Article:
What is "keen-wah"
Updated: Feb 1
I had the distinct pleasure of working with the Quinoa King for 2 days at the Lacey Fun Spring Fair in July of 2016. And his feature product? Quinoa. I knew, or thought I knew what quinoa was, but as we worked the crowds and serve his flavorful dishes, I realized how much I didn't know. He has the passion that is needed to succeed in getting the word out about this wonderful product. He knows everything there is to know about quinoa, and his menu reflex's his knowledge and passion to serve healthy dishes in a meat and potato climate. His whole family participated in the festivities.
The night before the opening of the fair, they were grinding the quinoa into flour and making and baking muffins and cookies to sell. His 240,000 BTU woks, turns out a wonderful sauté of fresh vegetables, with a choice of tofu, chicken, beef or prawns, with all natural stocks, atop of freshly cook quinoa. Watching him work and talking to the guest who do not know what quinoa is, is a testament of his passion to reach out and teach each and every one of us the qualities and understanding of what quinoa is.
Quinoa (pronounced Keen-wah) is an ancient food that is not yet well known in North America. It has been cultivated in South American Andes since at least 3,000 B.C. and has been a staple food of millions of native inhabitants. The ancient Incas called quinoa the "mother grain" and revered it as sacred. Technically quinoa is not a true grain, but is the seed of the Chenopodium or Goosefoot plant. It is used as a grain and substituted for grains because of it's cooking characteristics. The seeds are similar in size to millet but are flat with a pointed oval shape and look like a cross between a sesame seed and millet. Quinoa has a delightful characteristic that is all it's own: as it cooks, the outer germ around each grain twists outward forming a little white, spiral tail, which is attached to the kernel. The grain itself is soft and delicate and the tail is crunchy which creates and interesting texture combination and pleasant "crunch" when eating the grain. Quinoa has a fluffy consistency and a mild, delicate, slightly nutty flavor that borders on bland. The quinoa seed is high in protein, calcium and iron, a relatively good source of vitamin E and several of the B vitamins. It contains an almost perfect balance of all eight essential amino acids needed for tissue development in humans. It is exceptionally high in lysine, cystine and methionine-amino acids typically low in other grains. It is a good complement for legumes, which are often low in methionine and cystine. The protein in quinoa is considered to be a complete protein due to the presence of all 8 essential amino acids. Some types of wheat come close to matching quinoa's protein content, but grains such as barley, corn, and rice generally have less than half the protein of quinoa. Quinoa is 12% to 18% protein and four ounces a day, about 1/2-cup, will provide a child protein needs for one day.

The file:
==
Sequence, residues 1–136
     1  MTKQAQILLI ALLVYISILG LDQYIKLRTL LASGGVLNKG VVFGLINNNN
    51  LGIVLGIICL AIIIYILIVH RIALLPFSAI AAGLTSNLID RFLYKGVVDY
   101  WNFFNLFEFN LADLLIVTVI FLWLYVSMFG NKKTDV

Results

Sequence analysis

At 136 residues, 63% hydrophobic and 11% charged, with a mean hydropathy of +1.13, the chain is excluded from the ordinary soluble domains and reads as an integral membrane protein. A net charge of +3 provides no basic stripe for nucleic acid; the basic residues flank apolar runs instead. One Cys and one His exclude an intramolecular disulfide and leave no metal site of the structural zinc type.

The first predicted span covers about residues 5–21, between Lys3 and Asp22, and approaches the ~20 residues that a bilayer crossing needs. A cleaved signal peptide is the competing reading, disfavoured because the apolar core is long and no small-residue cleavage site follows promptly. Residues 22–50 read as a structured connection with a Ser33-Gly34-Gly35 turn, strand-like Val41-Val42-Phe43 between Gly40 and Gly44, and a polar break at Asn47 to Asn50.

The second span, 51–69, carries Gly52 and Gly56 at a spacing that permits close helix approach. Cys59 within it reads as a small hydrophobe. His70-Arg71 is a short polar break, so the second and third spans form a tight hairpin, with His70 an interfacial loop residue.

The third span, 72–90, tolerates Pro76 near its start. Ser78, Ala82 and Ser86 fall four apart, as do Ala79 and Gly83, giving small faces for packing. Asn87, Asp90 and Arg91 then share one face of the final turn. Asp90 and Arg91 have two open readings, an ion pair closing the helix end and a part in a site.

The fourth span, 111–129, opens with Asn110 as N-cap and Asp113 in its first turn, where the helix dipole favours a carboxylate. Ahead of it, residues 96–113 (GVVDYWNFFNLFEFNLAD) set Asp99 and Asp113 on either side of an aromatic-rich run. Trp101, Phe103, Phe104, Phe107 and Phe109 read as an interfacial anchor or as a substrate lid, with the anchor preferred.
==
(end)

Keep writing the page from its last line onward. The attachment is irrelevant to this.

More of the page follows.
The 6-7% fat of quinoa is relatively high when compared to other grains, but it boasts a low sodium content and also provides valuable starch and fiber. Quinoa also contains albumen, a protein that is found in egg whites, blood serum, and many plant and animal tissues. The seeds are gluten-free which makes this a nutritious and flavorful alternative grain for those with gluten sensitivity .Cooked quinoa is excellent in hot casseroles and soups, stews, in stir-fries, or cold in salads. The seeds cook very quickly, in only 15 minutes. Uncooked seeds may be added to soups and stews as you would barley or rice and quinoa is often substituted for rice in rice dishes. It is cooked like rice. a 2-1 water/quinoa and slowly simmered for about 15 minutes. So next time you are looking for something a little different and healthier, give quinoa a try. I am sure you will keep some in your pantry as a staple like rice.
Skillet baked eggs in quinoa